There are answers besides bombs
When the Syrian debate is framed as another Iraq or Afghanistan, the response is no military involvement. When it is framed as another Rwanda or Kosovo, then the idea of intervention is not as repellent.
But is military violence the only choice here? Aren't there any other tools in our toolbox? Have our imaginations gotten so small and constricted that we can think of no other options? And Syria is a lot like Oakland, the answer to violence by thieves and murderers is always only more violence, more police, more guns in the right hands.
I grieve for the thousands killed by gas and the hundreds of thousands killed by guns and bombs and the millions forced from their homes. I grieve for us, as witnesses, unable to think of any way to wage peace, in Syria or at home.
Tolerance seems to be in point of view
I hope the paper keeps the Mallard Fillmore comic. There are some conservatives in the area, and it is nice to get a little cheer for our side.
Funny how some people get so upset with something that does not agree with their point of view. Sounds a little intolerant to me.
Cyclists should have to obtain a sticker
We are none of us perfect. As a pedestrian I sometimes walk on the road instead of the sidewalk -- usually because cars are parked three quarters on the sidewalk, blocking my way, sometimes because the surface is smoother. But I know this is against the law on both counts, and I have already written to the police about blocked sidewalks.
It is also against the law for cyclists to ride on the sidewalk, to ride the wrong way down on one way streets and not to stop at stop signs. There are irresponsible pedestrians, irresponsible drivers and irresponsible cyclists. But many cyclists seem unaware of the law, and I was happy to see a Sept. 3 letter writer commenting on their dangerous habits.
How about if everyone riding a bicycle needed to purchase and display some kind of signed sticker indicating that they understood the rules of the road and agreed to abide by them?
Having to pay for something and affirm full knowledge of the laws they are breaking might remind cyclists to help keep our roads safe.
Why don't you live in 'your' country?
In a recent newscast, a young lady expressed her displeasure that the United States is contemplating "attacking my country."
Like so many others who choose to come to the U.S. for various reasons, whether it be to escape political or economic oppression or just to avail themselves of the opportunity for a better life for themselves, she still refers to another country as "my country."
It seems there is no sense of appreciation for what the USA offers people, compared to what was available in the country from which they emigrated. Either she or someone else in her family chose to come here.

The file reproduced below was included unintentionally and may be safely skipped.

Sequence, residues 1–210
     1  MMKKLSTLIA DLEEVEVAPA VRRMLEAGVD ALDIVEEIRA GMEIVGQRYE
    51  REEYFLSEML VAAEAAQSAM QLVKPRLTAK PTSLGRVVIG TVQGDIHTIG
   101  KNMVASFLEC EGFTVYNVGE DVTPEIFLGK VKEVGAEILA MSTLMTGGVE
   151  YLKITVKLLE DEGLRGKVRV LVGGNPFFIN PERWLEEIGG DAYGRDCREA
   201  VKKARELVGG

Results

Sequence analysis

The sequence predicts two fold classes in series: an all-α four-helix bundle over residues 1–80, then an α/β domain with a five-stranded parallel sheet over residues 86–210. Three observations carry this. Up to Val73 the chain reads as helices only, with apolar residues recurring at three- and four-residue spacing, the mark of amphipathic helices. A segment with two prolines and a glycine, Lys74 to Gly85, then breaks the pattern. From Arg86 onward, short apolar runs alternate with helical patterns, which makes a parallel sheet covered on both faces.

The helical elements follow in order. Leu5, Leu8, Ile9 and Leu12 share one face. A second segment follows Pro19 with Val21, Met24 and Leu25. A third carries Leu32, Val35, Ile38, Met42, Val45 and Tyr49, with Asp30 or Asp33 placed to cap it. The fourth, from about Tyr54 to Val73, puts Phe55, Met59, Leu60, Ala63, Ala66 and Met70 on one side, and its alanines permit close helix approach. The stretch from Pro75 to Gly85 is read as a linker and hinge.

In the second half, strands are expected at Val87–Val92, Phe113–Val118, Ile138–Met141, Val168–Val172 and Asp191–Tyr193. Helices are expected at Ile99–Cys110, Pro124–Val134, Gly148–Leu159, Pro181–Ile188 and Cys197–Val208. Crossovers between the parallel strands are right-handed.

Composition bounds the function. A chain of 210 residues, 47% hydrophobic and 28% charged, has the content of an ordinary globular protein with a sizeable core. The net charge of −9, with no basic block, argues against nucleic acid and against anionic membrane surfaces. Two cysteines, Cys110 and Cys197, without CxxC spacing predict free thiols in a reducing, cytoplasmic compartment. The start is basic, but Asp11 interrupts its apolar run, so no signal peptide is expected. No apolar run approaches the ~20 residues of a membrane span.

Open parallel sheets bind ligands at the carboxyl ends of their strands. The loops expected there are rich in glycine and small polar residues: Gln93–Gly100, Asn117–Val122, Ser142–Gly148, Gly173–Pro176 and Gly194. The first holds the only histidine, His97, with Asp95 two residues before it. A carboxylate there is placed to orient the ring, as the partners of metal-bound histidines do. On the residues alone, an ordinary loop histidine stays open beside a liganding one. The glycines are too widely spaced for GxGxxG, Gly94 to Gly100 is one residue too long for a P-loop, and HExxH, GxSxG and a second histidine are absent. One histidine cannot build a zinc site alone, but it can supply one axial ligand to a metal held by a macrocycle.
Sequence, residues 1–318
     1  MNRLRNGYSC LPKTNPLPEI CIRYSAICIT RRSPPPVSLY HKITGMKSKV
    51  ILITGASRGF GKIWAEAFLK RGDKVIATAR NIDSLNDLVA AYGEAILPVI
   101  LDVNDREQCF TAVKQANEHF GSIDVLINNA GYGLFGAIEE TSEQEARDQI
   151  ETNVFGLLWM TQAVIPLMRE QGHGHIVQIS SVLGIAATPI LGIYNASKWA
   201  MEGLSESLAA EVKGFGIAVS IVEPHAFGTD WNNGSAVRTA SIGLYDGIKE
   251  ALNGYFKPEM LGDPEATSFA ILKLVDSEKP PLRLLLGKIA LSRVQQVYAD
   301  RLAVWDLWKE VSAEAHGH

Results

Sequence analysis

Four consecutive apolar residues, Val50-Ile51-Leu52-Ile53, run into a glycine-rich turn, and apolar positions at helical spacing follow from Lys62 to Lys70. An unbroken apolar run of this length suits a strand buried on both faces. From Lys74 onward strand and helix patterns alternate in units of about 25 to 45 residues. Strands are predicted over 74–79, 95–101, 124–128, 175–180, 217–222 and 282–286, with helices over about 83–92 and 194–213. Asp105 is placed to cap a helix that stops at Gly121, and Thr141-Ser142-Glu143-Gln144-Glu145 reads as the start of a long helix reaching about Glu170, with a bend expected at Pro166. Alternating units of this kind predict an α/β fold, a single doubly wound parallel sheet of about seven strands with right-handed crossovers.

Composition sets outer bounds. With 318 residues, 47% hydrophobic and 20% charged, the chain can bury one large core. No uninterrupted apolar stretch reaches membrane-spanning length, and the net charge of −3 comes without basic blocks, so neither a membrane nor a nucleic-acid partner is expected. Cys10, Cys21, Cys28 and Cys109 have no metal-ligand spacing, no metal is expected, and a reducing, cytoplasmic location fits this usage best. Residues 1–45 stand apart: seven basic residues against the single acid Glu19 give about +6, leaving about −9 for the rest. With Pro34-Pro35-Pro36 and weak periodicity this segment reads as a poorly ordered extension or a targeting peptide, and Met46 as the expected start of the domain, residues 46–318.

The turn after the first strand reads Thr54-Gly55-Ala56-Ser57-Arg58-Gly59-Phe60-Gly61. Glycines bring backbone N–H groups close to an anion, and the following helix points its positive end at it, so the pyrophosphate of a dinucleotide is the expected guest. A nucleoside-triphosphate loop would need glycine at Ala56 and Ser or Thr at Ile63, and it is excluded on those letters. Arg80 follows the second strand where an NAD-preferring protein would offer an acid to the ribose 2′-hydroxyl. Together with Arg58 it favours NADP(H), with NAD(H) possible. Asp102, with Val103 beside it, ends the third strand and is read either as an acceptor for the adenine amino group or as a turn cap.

I, on the other hand, am here because my forebears survived the slave ships that brought them here. I have undergone indignities that she can never understand.
She was immediately accorded every benefit afforded by our Constitution the moment her feet touched our shores, benefits that took me five or six generations to acquire and which some members of Congress want to take away from people like me, today. But the United States of America is still my country.
I invite all who feel as she does to look closely at a map of the continental United States. There are four very large points of exit: top, bottom, left or right. Pick one.
Clyde E. Albert
Must face global warming is real
After reading your article, "Global warming already having dramatic impacts in California, new report says," I'm scared and almost overwhelmed with the evidence that so much harm has already been done right here in our own state.
I think most so-called "climate deniers" are resisting scientific evidence because they are afraid -- afraid that it is too complicated, too big to face, and because they are afraid of change. It can be immobilizing.
I started small: changing to LED bulbs, emphasizing local and sustainably raised foods, and educating myself. It's getting easier to face head-on.
I was stunned when my 92-year-old, religiously Republican father not only watched the DVD "An Inconvenient Truth" that I'd sent him (knowing he'd dig in his heels if I confronted him again about his denial), he actually said, "I guess Al Gore's right."
We learn there are meaningful actions we can take; stubborn people do change their minds; and it's urgent we do something more -- now!
We can pressure Congress to pass a clean renewable energy policy, elect those who will, and help our leaders enact progressive plans locally in the Bay Area.